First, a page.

Brain Imaging in Children With AD/HD
The purpose of this study is to use brain imaging technology to study the connections between brain regions in children with attention deficit hyperactivity disorder (AD/HD), and comparing them to children without AD/HD.
This study will build upon previous brain imaging studies of healthy volunteers and children who have AD/HD. This study will use diffusion tensor magnetic resonance imaging (DT-MRI) to visualize and measure certain parts of the brains of identical twin pairs in which one twin has AD/HD, combined type.
Participants in this study will be screened with questionnaires and interviews, psychometric testing, and a physical examination. Participants' medical and educational records may be reviewed. Participants will undergo an MRI scan of the brain. Prior to the MRI, participants will have a training session in a simulated MRI scanner to learn how to lie still during MRI scanning. Participants may be asked to return for a follow-up scan in about 2 years.
Attention Deficit Disorder With Hyperactivity
|Official Title:||Anatomic MRI Brain Imaging of White Matter in Children|
|Study Start Date:||January 2001|
|Estimated Study Completion Date:||January 2007|
Attention-deficit/hyperactivity disorder (ADHD) is the most common childhood psychiatric disorder, present in between 3 to 10% of children in the United States (Wender et al 2001). It is thought to reflect subtle anomalies in the central nervous system and thus structural neuroimaging has been used extensively to delineate the neurobiology of the disorder. Magnetic resonance imaging has demonstrated structural anomalies in ADHD, affecting all the major lobes with particularly severe volume reductions in the cerebellum and relative preservation of the caudate nucleus (for a review see Durston 2003). In structural neuroimaging work, studies with monozygotic twins who are discordant for the disorder have proved a particularly powerful tool, with findings of a significantly smaller caudate nucleus in the affected twin compared to the unaffected, but genetically identical, twin (Castellanos et al 2003). We have previously reported an overall reduction in white matter volume in all four major brain lobes, with the deficit appearing to be fixed and non-progressive. However, recent advances in neuroimaging of white matter make feasible an examination of white matter characteristics, such as the degree of myelination and the coherence of white matter tracts. The proposed project builds on our anatomic magnetic resonance imaging (MRI) studies that have been performed with a 1.5-Tesla scanner in children who have Attention-Deficit/Hyperactivity Disorder (ADHD) and normal controls. We now propose to use diffusion tensor magnetic resonance imaging (DT-MRI) as conventional T(1)- and T(2)-weighted images at 3-Tesla to visualize and quantify white matter tracts in the brains of normal monozygotic (MZ) twins, MZ twins who are concordant for ADHD, and MZ twins who are discordant for ADHD. Ages will range from 6 to 21 years. Our principal focus will be on development and possible abnormalities of white matter tracts linking prefrontal-striatal-thalamic circuits in which we hypothesize disruption of these tracts in affected twins relative to their healthy co-twins. We will also explore the usefulness of this technique in delineating white matter in cerebellar circuits and characterize the normal development of white matter from ages 6 to 21 by using a single healthy twin per family.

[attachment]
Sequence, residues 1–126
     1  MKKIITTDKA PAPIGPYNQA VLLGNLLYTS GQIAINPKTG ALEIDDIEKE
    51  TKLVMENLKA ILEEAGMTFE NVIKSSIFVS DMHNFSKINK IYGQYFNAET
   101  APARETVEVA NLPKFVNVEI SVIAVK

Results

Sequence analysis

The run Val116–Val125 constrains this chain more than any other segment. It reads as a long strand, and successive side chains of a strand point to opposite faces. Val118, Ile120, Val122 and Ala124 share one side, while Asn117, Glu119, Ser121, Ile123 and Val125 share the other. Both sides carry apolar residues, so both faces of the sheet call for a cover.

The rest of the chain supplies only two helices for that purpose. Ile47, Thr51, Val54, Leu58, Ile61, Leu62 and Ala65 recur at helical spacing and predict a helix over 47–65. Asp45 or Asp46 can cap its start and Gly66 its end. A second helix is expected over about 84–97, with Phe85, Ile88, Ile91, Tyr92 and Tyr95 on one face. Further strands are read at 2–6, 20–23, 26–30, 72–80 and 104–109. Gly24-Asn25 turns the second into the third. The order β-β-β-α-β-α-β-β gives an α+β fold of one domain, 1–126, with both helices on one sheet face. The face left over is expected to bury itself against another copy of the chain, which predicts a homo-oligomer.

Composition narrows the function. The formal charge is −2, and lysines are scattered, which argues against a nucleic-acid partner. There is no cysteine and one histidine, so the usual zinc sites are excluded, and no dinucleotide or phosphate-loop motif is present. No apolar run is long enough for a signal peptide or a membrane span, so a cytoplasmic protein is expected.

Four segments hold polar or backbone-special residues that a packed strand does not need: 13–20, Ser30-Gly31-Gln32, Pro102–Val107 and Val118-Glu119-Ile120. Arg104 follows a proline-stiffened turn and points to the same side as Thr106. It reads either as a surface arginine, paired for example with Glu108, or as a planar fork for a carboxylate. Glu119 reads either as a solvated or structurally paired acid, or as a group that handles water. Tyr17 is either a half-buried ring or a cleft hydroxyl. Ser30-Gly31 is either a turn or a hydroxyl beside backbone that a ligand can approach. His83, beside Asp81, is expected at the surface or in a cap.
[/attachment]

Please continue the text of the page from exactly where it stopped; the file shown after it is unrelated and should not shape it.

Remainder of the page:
|United States, Maryland|
|National Institute of Mental Health (NIMH), 9000 Rockville Pike|
|Bethesda, Maryland, United States, 20892|